RGB is where Procreate shines. It’s also what most of us are comfortable with.
There are a number of people who say they’ve gotten unexpected results from using a CMYK profile in Procreate. So, make sure you know what you’re getting into with a Procreate CMYK profile before you choose it.
Procreate doesn’t have a “true” CMYK. It’s actually based on RGB, so it’s doing it’s best to replicate CMYK, but isn’t actually CMYK.
Because of that, I often suggest that artists use RGB in Procreate and then convert their work to CMYK in Photoshop afterwards, if needed. Of course, you need to decide this for yourself and talk with your printer, but that’s my personal preference.
No matter what you choose, be aware that things can get wonky in Procreate’s CMYK land.
This is why, even if you have experience with CMYK in general, make sure you have experience with Procreate’s CMYK specifically before you use it. Experimentation is your friend! Understand how it works, what you can do with it, and the results it produces before you commit to it.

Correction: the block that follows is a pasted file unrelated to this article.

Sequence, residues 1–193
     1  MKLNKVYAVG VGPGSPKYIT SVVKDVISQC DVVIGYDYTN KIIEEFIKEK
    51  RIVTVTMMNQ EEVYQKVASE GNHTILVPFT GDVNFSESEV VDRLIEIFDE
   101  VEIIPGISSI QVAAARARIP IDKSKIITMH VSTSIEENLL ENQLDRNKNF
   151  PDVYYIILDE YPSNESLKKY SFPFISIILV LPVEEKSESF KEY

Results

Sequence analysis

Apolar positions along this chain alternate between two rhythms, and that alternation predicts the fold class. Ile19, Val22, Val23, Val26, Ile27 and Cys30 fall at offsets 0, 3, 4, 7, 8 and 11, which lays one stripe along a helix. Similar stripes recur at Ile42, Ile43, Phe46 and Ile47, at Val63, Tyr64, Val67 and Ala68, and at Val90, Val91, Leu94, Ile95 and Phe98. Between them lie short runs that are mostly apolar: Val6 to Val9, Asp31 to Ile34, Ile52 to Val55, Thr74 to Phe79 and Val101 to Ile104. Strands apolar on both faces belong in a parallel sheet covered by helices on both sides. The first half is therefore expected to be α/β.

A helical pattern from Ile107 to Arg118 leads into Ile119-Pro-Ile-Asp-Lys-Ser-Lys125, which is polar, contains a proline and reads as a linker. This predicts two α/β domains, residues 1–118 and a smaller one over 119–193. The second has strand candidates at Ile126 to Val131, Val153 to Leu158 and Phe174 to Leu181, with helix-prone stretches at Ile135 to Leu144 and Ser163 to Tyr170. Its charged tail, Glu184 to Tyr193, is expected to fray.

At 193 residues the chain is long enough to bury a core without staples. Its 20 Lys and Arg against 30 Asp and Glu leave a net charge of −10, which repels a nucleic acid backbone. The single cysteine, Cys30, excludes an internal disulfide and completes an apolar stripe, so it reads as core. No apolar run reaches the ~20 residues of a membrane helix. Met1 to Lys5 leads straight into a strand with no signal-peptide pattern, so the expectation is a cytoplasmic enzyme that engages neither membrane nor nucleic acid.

Do some test pieces and print them out. See how they look. Also, ask your printer what they suggest. That way, there won’t be any unexpected surprises.
Here’s another important point to keep in mind — CMYK is not supported for PNG files, which means they’ll get converted to RGB once you export them. JPGs are usually converted too. So, if you design in CMYK and export it as a PNG or JPG, it will end up in RGB anyways.
Alright, so now that we know to proceed with caution with CMYK, let’s talk about how to find these color profiles in Procreate.
How to Find Procreate’s CMYK and RGB Color Profiles
Here’s a step-by-step on creating the color profile you need.
1. Open Procreate and click the + button at the top right to create a new canvas
Once you choose an RGB color profile or a CMYK color profile, you can’t switch between the two. Your canvas will permanently stay RGB or CMYK depending on what you chose when you created it. Choose carefully.